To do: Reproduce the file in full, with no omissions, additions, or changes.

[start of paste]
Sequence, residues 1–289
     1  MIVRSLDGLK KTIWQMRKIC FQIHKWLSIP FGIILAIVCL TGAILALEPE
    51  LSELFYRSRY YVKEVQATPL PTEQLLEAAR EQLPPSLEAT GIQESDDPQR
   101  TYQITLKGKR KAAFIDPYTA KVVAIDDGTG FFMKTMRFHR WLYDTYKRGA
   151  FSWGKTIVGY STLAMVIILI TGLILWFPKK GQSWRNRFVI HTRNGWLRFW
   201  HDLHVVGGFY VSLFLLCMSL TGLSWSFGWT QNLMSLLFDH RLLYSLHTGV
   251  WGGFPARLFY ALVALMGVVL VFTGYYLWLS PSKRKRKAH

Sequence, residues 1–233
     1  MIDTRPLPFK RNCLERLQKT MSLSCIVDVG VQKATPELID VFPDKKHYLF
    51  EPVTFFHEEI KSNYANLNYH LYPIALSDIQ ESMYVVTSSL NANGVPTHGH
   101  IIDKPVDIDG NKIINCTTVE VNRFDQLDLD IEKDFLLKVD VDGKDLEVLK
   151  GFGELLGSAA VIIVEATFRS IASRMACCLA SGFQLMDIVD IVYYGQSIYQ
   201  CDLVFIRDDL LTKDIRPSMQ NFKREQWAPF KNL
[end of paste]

Sequence, residues 1–289
     1  MIVRSLDGLK KTIWQMRKIC FQIHKWLSIP FGIILAIVCL TGAILALEPE
    51  LSELFYRSRY YVKEVQATPL PTEQLLEAAR EQLPPSLEAT GIQESDDPQR
   101  TYQITLKGKR KAAFIDPYTA KVVAIDDGTG FFMKTMRFHR WLYDTYKRGA
   151  FSWGKTIVGY STLAMVIILI TGLILWFPKK GQSWRNRFVI HTRNGWLRFW
   201  HDLHVVGGFY VSLFLLCMSL TGLSWSFGWT QNLMSLLFDH RLLYSLHTGV
   251  WGGFPARLFY ALVALMGVVL VFTGYYLWLS PSKRKRKAH

Sequence, residues 1–233
     1  MIDTRPLPFK RNCLERLQKT MSLSCIVDVG VQKATPELID VFPDKKHYLF
    51  EPVTFFHEEI KSNYANLNYH LYPIALSDIQ ESMYVVTSSL NANGVPTHGH
   101  IIDKPVDIDG NKIINCTTVE VNRFDQLDLD IEKDFLLKVD VDGKDLEVLK
   151  GFGELLGSAA VIIVEATFRS IASRMACCLA SGFQLMDIVD IVYYGQSIYQ
   201  CDLVFIRDDL LTKDIRPSMQ NFKREQWAPF KNL